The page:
As monster storm approaches US landfall:
- The hurricane warning covers roughly 220 miles of the state including Fort Myers as well as Tampa and St Petersburg, which could get their first direct hit by a major hurricane since 1921.
- Republican DeSantis spoke with President Biden by telephone to discuss preparations for the storm, according to White House Press Secretary Karine Jean-Pierre
- Hurrican Ian is expected to make landfall late on Wednesday, with Charlotte County and Sarasota expected to be the worst hit
- Tom Brady has evacuated his family to Miami, as he and wife Gisele Bündchen packed up their things and travelled with their children from their Tampa Bay home
The Florida Power and Light Company reported 17,255 outages across several counties in Florida, as DeSantis confirmed that 40,000 properties have been left without power.
In Broward, there were more than 6,700 outages while there were 5,700 outages in Miami-Dade.
Tom Brady has evacuated his family to Miami, as he and wife Gisele Bündchen packed up their things and travelled with their children from their Tampa Bay home.
DeSantis, who invoked a statewide state of emergency Sunday, has prepared 30,000 workers on standby to help once Florida’s power grid inevitably topples in Ian’s wrath.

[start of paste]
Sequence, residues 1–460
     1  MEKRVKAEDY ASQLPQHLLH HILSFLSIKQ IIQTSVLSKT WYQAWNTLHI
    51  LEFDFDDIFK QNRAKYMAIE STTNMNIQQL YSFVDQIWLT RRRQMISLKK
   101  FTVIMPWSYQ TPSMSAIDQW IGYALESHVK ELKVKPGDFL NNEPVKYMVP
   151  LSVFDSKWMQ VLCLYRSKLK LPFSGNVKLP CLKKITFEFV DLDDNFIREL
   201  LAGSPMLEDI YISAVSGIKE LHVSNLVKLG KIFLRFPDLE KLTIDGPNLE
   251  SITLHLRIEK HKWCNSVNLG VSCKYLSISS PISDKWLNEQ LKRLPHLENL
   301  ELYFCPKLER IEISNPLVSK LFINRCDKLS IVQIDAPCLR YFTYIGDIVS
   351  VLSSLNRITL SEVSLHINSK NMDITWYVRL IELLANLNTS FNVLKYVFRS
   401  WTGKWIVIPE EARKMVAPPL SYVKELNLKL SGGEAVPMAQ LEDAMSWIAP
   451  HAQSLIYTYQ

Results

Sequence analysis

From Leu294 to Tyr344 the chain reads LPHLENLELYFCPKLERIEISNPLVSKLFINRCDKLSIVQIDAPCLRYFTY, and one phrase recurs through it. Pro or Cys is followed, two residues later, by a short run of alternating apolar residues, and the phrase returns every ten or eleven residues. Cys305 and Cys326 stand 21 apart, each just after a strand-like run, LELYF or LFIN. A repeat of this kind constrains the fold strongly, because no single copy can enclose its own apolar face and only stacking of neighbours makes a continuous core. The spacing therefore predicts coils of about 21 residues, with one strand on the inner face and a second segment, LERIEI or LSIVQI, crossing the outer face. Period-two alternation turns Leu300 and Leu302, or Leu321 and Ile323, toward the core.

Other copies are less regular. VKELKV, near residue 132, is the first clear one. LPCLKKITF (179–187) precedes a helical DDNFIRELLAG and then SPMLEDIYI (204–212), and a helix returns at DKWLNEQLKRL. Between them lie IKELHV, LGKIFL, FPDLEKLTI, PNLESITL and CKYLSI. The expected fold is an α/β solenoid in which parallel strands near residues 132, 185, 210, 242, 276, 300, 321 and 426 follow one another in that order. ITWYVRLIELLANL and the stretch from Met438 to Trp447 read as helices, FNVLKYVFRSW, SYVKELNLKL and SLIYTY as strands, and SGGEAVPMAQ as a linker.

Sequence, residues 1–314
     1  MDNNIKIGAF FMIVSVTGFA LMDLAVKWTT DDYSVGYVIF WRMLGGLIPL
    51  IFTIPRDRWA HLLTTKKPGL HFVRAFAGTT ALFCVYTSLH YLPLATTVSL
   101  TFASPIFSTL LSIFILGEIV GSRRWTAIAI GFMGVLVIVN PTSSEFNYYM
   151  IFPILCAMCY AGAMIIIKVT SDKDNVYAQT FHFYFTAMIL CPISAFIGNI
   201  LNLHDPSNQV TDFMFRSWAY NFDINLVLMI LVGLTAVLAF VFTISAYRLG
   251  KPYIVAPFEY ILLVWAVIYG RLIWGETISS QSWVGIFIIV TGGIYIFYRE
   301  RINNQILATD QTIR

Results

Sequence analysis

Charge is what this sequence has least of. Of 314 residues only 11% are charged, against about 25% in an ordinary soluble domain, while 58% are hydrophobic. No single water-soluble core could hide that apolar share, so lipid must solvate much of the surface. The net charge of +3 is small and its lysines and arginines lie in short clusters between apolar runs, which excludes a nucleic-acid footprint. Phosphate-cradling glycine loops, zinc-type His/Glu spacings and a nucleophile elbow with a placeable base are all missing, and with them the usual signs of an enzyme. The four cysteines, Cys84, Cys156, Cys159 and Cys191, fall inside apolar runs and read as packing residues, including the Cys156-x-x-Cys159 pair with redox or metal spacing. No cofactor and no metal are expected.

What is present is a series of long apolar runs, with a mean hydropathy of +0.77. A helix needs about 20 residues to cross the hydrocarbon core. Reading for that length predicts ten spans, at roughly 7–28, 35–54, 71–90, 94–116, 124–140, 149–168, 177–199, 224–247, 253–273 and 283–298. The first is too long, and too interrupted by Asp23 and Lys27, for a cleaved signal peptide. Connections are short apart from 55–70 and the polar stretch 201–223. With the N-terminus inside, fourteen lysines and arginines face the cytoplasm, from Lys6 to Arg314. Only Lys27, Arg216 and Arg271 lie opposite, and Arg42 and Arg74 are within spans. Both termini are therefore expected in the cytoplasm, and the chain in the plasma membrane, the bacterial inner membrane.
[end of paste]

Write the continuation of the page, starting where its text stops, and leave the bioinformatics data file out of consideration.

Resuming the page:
Florida officials earlier declared a state of emergency across the state, with President Biden over the weekend invoking his own emergency edict for the Everglades State, delaying scheduled trip to Fort Lauderdale and Orlando.
Those orders have so far seen roughly 2.5 million Floridians ordered to evacuate their homes, as officials scramble to prepare for the storm’s now-inevitable US landfall – with the situation in Cuba serving as a stark warning of what may be to come.
Locals were told last night was their final chance to escape their homes ahead of Ian’s wrath. The Florida Keys have already felt Ian’s wrath as an early warning system for the mainland. Videos show palm trees battered by 60mphwinds and homes and businesses flooded by two feet of water.
‘You can’t do anything about natural disasters,’ said Florida resident Vinod Nair, who drove inland from the Tampa area on Tuesday with his wife, son, dog and two kittens seeking a hotel in the tourist district of Orlando.
‘We live in a high risk zone, so we thought it best to evacuate.’
Gil Gonzalez, another in the danger zone was not taking any chances. He boarded the windows of his Tampa home with plywood and laid down sandbags to guard against any flooding.
He and his wife packed their car with bottled water, torches, battery packs for their mobile phones and a camp stove before evacuating.
‘All the prized possessions, we’ve put them upstairs in a friend’s house,’ Mr Gonzalez said.
After first bracing for the rapidly burgeoning storm Monday night, thousands of Cubans awoke to their houses destroyed and neighborhoods flooded – with more than 11 million without any electricity.
Airports in Tampa, St Petersburg and Key West have closed, and Disney World theme parks and Sea World in Orlando have also closed ahead of the storm.
A couple from England on holiday in Tampa found themselves faced with riding out the storm at a shelter.
Glyn and Christine Williams, from London, were told to leave their hotel near the beach when evacuations were ordered. Because the airport shut down, they could not get a flight home.
‘Unfortunately, all the hotels are full or closed, so it looks as though we’re going to be in one of the shelters,’ Christine Williams said.